The entrance at the base of the tower has a panelled door, its gothic shape sets-off to each stage and side of the tower with pointed windows and Y tracery. The building and the tower have corbelled parapets. They incorporate the flues of the residential block. A substantial warehouse extends from the centre on the rear side of the building and has castellated turrets and square pylon blocks set into the slope of the land. Finally, atop the tower is the lighthouse with a spherical dome with a lattice frame, the actual lighthouse.

The interior of the building is richly decorated. In addition to the accommodation for three lighthouse keepers and their families, there is a circular staircase in the tower leading to the lightroom at the top of the tower, with teardrop-shaped cast iron balusters and the walls are plastered and clad in freestone. On the first floor, in the Boardroom of the Commissioners, is a large black marble mantelpiece with iron grille flanked by sculpted female figures and a back plate depicting the birth of Aphrodite and a fire screen with lyre motif.

The Lightsystem

The new lighthouse started operating on 1 September 1816 with an Argand oil lamp with parabolic silvered reflectors (Lighting using mirrors).

In September 1836 a new light was placed by Alan Stevenson (1807-65). The original light (using mirrors) was replaced with dioptric (lighting using lenses), resulting in a threefold increase in brightness. It was the first British dioptric fixed light, which also led to the use of this dioptric system in more lighthouses. The improved form of this refractor was made by the company Cookson from Newcastle.

Since 1816 the lighthouse had accommodation for three keepers and their families. This was not enough manpower to maintain the electric arc lamp that was to be installed 70 years later. In June 1885, work began on accommodation for three more keepers and their families and on the infrastructure for generating electricity. New buildings were constructed 250 meters south east of the lighthouse, in a small valley containing a fresh water loch.

The engine house was fitted with two steam-powered generators fuelled by coal, the largest then made, weighing about 4.5 tonnes each and having a combined output of 8.8 kW. These machines powered an arc lamp in the lighthouse. The current created an electric arc between carbon rod electrodes, which glowed white-hot (the light). The arc lamp used carbon rods 38 millimetres in diameter. A core of soft pure graphite made these burn with great steadiness. The large current that bridges the arc brings with it the necessary sound. A visitor to the light room put it this way: The sound is like a circular saw that has to cut through sturdy gnarled wood.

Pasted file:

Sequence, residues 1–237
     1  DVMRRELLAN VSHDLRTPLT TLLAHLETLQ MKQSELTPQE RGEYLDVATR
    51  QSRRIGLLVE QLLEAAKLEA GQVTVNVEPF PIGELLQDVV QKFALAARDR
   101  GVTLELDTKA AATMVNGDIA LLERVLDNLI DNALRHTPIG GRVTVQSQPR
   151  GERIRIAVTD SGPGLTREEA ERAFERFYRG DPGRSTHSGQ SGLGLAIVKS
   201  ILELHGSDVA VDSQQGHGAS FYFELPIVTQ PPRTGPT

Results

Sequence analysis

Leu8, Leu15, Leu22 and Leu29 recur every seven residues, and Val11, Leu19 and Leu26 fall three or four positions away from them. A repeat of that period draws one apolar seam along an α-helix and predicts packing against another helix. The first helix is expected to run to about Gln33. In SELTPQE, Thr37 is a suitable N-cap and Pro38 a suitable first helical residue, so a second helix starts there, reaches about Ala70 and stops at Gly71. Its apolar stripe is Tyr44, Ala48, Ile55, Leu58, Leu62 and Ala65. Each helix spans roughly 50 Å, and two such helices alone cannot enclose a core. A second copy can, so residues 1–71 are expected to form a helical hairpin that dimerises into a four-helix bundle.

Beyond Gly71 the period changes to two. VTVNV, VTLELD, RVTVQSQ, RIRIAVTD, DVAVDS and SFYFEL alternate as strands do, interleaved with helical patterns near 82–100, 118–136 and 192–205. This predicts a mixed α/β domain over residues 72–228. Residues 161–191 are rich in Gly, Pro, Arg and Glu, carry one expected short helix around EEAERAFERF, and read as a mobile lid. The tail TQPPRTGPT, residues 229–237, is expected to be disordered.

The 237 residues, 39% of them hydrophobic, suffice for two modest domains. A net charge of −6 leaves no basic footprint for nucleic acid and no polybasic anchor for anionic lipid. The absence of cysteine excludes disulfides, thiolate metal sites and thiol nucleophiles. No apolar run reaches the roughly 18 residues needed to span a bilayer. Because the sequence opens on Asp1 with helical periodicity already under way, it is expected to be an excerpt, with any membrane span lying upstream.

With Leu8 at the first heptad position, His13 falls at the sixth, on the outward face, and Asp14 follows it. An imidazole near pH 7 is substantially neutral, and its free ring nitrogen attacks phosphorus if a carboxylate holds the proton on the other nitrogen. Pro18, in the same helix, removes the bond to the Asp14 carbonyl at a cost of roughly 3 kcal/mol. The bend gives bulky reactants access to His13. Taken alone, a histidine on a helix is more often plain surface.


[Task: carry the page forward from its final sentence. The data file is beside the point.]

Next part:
About 135 meters of carbon rods and 160 tons of coal were burned per year to keep this process going. A three-wick paraffin oil lamp, kept trimmed and ready for use in case the electric current failed. This paraffin lamp could be lighted and put in focus in about three minutes.

The new light, which was shown from December 1st 1886, gave four flashes in quick succession every half minute. In 1901, the light has been improved to three million candelas, achieved by using long focal distance apparatus and equiangular prisms to condense the light into a more powerful beam. The light was about 300 and 600 times more powerful than the old fixed oil light. The geographical range was 22 nautical miles, but the light was seen and recognised by sailors at 40 and 50 miles off by the flashes lighting up the clouds overhead. The new equipment was designed by David Alan Stevenson (1854-1938) and Charles Alexander Stevenson (1855-1950).

Though the electric light was far brighter than the original oil lamp, it could not penetrate dense fog. There were new oil lamps developed and they proved to have greater power. David Alan Stevenson installed one of them in May 1924, and the lighthouse's electric light was discontinued.

The lighthouse became a "rock" station on 9 August 1972, meaning that the keeper's families were no longer accommodated at the lighthouse but on the mainland at the shore station in Granton. The maisonette cottages in Salveson Crescent are very distinctive in design, typical of Northern Lighthouse Board buildings. This row of cottages was the former shore station accommodation for families of Bass Rock, Bell Rock, Inchkeith, Fidra and later the Isle of May in 1972, after Fidra was automated in 1970.

The lighthouse is fully automated on 31 March 1989 shortly before ownership of the island passed to the Nature Conservancy Council. The operation of the light is controlled from the NLB Headquarters in George Street, Edinburgh.

The Royal National Lifeboat Institution rewarded the lightkeepers on the Isle of May for saving lives when the MATAGORDA was wrecked in 1872. The German Government sent a binocular field glass each to Robert Grierson and Laurence Anderson who helped the crew of the vessel PAUL, lost on Inchkeith in 1888. In 1930 two keepers rescued four crew members of the wrecked commercial trawler George Aunger by swimming out to it.

Isle of May first Lighthouse
The Low Lighthouse in early times

The Lighthouse - Lower Light

About a 400 meter from the High lighthouse on the east side of the island stands the tower and domestic buildings of the “Low Light”. In 1843-44 a small lighthouse was built, 3 storeys with corbelled parapet and cast-iron hand rail. The tower is white painted render with small round-headed windows. Cast iron panels and a domed cap. A fixed light was first exhibited from this lighthouse in April 1844.

In conjunction with the 'High' lighthouse, both lighthouses are so positioned, that if the two lights are seen exactly above each other the mariner could be avoid the treacherous North Carr Reef, some 12 kilometers north of the Island and have a safe sailing route towards the Isle of May.